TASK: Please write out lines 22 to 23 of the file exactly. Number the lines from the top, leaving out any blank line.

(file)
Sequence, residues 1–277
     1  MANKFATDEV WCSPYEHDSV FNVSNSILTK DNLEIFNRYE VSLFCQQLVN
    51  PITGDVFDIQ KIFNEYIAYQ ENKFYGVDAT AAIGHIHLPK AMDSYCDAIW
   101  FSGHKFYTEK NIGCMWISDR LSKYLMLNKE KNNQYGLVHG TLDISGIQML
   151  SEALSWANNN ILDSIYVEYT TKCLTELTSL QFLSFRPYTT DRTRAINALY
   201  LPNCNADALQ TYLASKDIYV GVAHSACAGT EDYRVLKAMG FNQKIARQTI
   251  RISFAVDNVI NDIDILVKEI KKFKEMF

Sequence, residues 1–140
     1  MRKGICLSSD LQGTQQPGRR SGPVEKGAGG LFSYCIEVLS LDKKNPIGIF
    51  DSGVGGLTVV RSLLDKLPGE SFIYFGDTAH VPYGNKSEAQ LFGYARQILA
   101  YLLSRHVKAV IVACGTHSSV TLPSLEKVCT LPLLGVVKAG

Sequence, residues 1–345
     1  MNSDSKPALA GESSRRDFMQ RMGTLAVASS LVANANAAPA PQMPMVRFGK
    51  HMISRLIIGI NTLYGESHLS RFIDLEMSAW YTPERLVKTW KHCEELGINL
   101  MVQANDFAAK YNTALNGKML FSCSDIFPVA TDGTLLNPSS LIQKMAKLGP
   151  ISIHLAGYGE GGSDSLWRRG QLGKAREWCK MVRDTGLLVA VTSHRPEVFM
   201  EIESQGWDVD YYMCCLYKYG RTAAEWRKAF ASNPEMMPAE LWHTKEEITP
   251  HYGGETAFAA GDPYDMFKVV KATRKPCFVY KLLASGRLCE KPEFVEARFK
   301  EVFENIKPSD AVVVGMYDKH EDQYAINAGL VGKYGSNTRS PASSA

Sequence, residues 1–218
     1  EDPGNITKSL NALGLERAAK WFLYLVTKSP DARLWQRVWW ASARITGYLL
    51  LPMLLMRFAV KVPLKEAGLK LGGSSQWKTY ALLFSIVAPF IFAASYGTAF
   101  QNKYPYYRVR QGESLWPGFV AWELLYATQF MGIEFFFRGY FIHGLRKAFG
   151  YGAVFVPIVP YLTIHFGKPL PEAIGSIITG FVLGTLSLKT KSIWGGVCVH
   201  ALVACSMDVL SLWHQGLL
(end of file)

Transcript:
    51  LPMLLMRFAV KVPLKEAGLK LGGSSQWKTY ALLFSIVAPF IFAASYGTAF
   101  QNKYPYYRVR QGESLWPGFV AWELLYATQF MGIEFFFRGY FIHGLRKAFG